LUMI Reviews: BFF Fingernails

16 November 2023

Conor McCusker reviews Fingernails for our first review from the Belfast Film Festival at QFT.

LUMI Reviews BFF Fingernails

Fingernails is a comedically brilliant and quietly devastating take on modern love plagued by technology and the age of social media. Nikou when introducing the film said quite poignantly “we used to view love through our eyes, now we view it through screens.” This quote is an undercurrent that runs through the plot of this film and its analogous interpretation of modern love via ‘machines’.

In Fingernails love can now be measured biologically through a test involving a quick and painful procedure of removing a whole fingernail from each person in a couple and putting them into a machine. The machine calculates love for one another on a percentage scale (100% = in love, 50% only one partner in the couple loves the other but there is no way to know who, 0% not in love). A world changing scientific outbreak that is to some couples a necessity to ratify their love and to others a pseudo-science with no basis in reality. Anna (Jessie Buckley) and Ryan (Jeremy Allen-White) are in love and so their positive test confirms, until Anna meets Amir (Riz Ahmed) a new co-worker at the Love Institute. Anna is then confronted with the morality of following her heart and human instincts or listening to the science that has confirmed her love to her long-term boyfriend.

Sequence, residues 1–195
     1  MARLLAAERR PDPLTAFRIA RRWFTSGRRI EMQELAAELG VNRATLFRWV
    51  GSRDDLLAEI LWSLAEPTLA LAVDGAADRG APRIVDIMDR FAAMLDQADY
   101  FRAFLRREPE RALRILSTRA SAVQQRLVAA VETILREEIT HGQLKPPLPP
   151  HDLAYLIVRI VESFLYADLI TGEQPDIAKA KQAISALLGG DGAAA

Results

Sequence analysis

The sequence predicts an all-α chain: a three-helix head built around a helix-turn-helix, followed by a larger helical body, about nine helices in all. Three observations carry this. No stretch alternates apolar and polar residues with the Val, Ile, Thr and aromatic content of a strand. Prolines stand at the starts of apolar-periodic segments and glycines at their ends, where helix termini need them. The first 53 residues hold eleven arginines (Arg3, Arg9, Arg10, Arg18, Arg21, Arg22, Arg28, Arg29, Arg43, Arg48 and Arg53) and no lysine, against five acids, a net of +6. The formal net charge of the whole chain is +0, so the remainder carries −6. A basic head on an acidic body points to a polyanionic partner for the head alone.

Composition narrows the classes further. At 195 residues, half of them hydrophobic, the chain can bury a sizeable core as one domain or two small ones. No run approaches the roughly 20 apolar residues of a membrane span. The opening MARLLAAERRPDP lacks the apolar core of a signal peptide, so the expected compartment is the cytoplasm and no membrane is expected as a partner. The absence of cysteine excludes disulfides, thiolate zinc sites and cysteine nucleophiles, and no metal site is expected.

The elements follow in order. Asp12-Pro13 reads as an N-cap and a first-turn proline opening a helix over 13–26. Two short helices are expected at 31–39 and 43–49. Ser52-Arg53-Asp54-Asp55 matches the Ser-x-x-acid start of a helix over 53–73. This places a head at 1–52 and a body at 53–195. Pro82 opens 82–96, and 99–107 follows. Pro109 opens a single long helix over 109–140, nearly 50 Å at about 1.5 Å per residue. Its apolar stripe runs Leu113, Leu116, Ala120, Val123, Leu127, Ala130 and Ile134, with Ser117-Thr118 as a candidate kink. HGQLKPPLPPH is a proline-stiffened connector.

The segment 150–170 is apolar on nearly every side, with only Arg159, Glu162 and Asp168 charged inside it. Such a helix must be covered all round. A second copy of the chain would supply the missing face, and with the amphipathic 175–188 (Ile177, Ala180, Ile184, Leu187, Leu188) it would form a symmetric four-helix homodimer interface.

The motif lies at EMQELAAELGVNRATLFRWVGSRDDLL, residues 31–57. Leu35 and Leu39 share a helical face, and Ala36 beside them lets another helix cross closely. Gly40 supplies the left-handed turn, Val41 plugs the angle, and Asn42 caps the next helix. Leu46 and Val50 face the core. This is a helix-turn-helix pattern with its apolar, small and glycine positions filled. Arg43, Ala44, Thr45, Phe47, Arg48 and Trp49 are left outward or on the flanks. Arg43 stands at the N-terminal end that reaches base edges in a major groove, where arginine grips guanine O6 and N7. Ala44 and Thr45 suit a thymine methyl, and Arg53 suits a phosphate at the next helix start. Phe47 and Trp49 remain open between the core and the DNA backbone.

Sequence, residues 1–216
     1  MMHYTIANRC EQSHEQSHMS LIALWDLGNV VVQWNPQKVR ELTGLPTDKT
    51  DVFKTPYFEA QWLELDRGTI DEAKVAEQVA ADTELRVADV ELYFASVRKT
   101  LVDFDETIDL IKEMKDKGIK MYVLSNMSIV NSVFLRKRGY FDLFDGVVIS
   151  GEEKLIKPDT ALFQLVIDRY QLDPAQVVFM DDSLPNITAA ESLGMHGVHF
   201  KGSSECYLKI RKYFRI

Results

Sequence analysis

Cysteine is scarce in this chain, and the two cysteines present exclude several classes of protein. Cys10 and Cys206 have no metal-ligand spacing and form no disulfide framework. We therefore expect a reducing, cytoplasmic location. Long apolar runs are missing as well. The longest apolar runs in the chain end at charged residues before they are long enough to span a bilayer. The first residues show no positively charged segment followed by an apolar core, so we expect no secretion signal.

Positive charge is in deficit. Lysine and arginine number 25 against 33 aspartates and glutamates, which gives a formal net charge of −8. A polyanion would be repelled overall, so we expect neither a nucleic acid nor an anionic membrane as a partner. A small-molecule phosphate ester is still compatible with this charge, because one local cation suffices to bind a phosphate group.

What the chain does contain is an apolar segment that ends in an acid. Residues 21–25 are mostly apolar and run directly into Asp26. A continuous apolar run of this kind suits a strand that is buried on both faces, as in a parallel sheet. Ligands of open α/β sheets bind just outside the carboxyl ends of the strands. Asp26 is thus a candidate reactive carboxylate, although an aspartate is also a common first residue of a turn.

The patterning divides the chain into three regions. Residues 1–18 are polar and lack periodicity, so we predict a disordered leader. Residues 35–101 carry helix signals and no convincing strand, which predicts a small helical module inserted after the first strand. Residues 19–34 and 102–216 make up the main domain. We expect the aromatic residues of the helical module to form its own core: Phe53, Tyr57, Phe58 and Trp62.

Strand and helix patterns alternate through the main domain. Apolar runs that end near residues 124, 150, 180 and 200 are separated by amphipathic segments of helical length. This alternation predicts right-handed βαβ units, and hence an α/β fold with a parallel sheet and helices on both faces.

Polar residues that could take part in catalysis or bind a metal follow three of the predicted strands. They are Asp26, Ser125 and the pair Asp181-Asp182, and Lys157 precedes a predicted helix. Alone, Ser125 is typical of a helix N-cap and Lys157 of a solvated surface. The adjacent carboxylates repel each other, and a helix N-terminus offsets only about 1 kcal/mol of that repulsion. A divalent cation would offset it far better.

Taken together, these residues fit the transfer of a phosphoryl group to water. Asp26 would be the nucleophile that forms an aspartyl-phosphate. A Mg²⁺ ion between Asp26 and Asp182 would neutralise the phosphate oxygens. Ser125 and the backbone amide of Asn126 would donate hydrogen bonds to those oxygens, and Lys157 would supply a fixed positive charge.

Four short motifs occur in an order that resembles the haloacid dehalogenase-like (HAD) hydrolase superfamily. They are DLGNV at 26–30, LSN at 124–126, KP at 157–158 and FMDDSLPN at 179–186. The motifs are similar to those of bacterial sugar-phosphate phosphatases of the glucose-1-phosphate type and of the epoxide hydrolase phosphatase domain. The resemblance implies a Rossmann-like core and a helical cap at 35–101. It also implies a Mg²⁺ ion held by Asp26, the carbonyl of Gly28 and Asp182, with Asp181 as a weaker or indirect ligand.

Fingernails excels through its performances; in my opinion it is the major draw and backbone of this film amid its messy sci-fi elements. Riz Ahmed and Jessie Buckley’s chemistry is undeniable and is used to perpetuate the trope that modern relationships that appear picture perfect online (i.e. Anna and Ryan), are not always as they seem. The onscreen attraction of these two characters (despite their apparent incompatibility) is nuanced throughout their performance, with each glance and awkward touch selling this relationship, in lieu of Anna and Ryan’s comfortable, routine and un-exciting partnership. It is heart-breaking to see the tearing down of one connection due to the shiny glimmer of hope in another.

It seems that the film tries to get across that the machine isn’t a real indicator of love and only provides positive tests to some and primarily those in listless and boring relationships who take the test more than once and may be looking for a reason to break up. Is Nikou trying to get the message across that we must defy and break off all relationships formed via the ‘machine’ or is he saying to take a chance on human communication?